Microsoft Excel 2007 - Navigating Excel

Learn How To Navigate Between Cells

To use Excel 2007 effectively you will need to learn how to navigate between cells.

Making Cells Active

Before you can type data into a cell, you need to make it active. You can make a cell active by clicking directly in it or by moving the active cell left, right, up and down with the arrow keys on your keyboard. When you make a cell active, it becomes highlighted with a black border; start typing and the data is inserted into the active cell. If you press enter after you've finished typing data into that cell, the cell below becomes active. You'll also notice that either the cell reference or the cell's name appears in the name box (see image below) in the top left of the worksheet.

The Data In The Cell

If you want to abandon the data you are currently typing into a cell before moving to another cell, pressing escape will reinstate the original contents of that cell. Sometimes, the data you are entering into a cell seems to spill into the next cell along. Don't worry about this; the content is only contained in the active cell. If you want the column to expand to fit the rather large contents of that cell, double click on the right column separator in the heading.

The AutoComplete Facility

If you move to the cell below and start typing exactly the same thing, Excel notices this and autocompletes it for you. This isn't always what you want though, so you can press enter to accept the autocompletion or just carry on typing your data. You can turn autocomplete off by clicking the Office Button > Excel Options > Advanced, and uncheck Enable AutoComplete for cell values.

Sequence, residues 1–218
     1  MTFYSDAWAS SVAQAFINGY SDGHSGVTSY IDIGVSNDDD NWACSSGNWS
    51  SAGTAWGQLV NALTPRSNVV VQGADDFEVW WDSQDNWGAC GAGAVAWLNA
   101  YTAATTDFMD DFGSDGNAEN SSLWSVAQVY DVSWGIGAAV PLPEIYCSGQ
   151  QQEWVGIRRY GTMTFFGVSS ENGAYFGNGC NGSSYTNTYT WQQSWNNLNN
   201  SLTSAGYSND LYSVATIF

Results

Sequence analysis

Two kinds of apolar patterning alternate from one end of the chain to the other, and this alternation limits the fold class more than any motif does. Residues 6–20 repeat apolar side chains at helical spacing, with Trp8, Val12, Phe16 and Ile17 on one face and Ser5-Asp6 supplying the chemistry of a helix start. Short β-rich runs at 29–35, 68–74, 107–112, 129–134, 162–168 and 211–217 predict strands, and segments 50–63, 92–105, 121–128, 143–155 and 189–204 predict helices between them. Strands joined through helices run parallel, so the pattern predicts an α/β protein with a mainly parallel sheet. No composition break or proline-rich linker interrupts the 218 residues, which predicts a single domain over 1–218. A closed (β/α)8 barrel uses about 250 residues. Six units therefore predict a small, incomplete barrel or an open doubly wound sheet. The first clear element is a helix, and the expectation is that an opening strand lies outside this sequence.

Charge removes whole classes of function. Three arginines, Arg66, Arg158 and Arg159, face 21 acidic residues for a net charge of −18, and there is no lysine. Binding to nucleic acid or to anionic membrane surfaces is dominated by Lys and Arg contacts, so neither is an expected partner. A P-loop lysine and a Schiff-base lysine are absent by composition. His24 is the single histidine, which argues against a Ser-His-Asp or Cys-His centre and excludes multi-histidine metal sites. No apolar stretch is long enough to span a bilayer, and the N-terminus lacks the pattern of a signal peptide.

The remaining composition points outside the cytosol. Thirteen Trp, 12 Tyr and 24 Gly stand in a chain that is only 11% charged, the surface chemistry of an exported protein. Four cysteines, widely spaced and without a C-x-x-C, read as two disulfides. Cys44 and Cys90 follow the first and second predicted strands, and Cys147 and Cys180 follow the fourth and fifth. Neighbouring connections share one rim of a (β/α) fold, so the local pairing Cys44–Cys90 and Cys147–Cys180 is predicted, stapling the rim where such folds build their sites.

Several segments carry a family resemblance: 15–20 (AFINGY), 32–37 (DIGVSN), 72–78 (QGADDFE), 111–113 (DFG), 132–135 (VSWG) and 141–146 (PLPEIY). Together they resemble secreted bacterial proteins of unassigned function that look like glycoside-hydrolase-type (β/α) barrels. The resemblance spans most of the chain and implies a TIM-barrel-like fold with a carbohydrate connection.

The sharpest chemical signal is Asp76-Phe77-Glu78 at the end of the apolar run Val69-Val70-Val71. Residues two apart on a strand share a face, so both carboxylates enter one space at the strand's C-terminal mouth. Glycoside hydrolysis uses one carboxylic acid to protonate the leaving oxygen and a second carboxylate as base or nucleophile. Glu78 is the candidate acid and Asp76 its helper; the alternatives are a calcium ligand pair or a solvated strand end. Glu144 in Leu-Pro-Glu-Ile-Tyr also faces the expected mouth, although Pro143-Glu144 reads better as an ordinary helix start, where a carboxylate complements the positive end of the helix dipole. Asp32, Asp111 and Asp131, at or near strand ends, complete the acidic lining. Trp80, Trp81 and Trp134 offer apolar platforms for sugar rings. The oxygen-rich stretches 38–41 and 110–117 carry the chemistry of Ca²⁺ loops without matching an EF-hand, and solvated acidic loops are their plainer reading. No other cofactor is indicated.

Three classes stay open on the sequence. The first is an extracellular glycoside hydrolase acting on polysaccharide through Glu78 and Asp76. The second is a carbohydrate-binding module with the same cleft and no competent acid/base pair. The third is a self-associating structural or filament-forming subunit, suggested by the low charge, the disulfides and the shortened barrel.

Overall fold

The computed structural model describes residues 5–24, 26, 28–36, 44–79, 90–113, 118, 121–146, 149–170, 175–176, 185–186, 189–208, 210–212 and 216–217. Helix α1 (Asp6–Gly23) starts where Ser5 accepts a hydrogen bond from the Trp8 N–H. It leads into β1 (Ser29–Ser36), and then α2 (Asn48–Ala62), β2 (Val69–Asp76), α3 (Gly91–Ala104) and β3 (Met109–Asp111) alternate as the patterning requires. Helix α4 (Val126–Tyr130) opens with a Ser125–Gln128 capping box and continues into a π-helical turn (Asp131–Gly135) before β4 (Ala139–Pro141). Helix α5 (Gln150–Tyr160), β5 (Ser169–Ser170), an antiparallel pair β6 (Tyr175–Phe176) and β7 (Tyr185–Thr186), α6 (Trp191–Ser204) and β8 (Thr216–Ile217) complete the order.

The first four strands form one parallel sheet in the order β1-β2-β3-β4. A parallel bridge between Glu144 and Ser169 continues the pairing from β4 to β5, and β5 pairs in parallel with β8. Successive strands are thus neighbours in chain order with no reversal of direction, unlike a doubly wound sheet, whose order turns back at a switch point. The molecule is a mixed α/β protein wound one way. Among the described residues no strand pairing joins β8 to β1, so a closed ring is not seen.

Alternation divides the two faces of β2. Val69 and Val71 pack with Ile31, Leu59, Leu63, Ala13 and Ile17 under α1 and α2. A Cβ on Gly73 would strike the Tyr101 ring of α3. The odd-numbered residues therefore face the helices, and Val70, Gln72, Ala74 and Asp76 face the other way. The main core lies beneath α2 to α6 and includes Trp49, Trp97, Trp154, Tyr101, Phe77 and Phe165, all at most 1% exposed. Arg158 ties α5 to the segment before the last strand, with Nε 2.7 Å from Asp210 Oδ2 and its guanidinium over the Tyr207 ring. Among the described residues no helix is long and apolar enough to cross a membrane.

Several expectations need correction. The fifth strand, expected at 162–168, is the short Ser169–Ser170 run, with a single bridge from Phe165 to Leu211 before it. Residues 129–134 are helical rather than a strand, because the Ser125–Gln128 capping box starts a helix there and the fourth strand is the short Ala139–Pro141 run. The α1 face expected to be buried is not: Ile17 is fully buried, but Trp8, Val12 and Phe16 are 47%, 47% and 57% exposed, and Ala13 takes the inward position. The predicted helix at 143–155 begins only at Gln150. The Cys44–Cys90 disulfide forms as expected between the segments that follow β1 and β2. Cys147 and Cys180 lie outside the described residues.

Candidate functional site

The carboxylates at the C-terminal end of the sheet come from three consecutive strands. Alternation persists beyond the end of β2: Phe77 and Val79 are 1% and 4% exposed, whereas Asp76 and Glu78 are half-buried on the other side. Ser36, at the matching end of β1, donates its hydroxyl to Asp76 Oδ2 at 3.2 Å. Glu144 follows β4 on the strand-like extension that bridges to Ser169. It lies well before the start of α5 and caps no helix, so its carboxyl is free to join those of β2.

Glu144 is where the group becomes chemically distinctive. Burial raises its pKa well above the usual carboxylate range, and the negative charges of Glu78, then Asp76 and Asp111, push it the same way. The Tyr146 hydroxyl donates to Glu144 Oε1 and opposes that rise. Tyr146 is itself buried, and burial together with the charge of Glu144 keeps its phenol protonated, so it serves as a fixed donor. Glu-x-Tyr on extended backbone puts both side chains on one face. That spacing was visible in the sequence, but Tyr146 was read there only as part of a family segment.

Cell Reference

Cells are referenced by their column and row locations. Cell G11 is the cell found at the intersection of colum G with row 11. You can also assign names to cells by making the required cell active and then clicking in the name box to type the name.

Excel Name Box

If you have a large worksheet, navigating using this method becomes unwieldy and slow. Instead, you can press F5 and use the Go To dialogie box. In this dialogue box, a history of previous go tos you have performed is displayed. You can either type in a new cell reference, or highlight a previously used one and then click enter. The selected cell becomes active.

As well as using the arrow keys to move one cell at a time in the appropriate direction, you can use the following shortcuts to navigate further afield. The descriptions may sound confusing, but if you spend a couple of minutes trying them out, you'll easily get to grips with them.

Shortcut Action
Ctrl-down arrow Think about the column the cursor is currently in. If the active cell is in a range of cells holding data, the cursor jumps to the bottommost cell in that range. If the active cell is empty, the cursor jumps to the next cell down that contains data.
Ctrl-up arrow If the active cell is in a range of cells holding data, the cursor jumps to the topmost cell in that range. If the active cell is empty, the cursor jumps to the next cell up that contains data.
Ctrl-left arrow/Ctrl-right arrow As above, but row-wise, left and right
Page up/page down Displays the previous and next page in the worksheet
Ctrl-home Jumps to the very beginning of the worksheet, i.e. cell A1
Ctrl-page down/ctrl-page up Jumps to the next/previous worksheet in the work book
Ctrl-end Jumps to the end of the section of the worksheet that contains data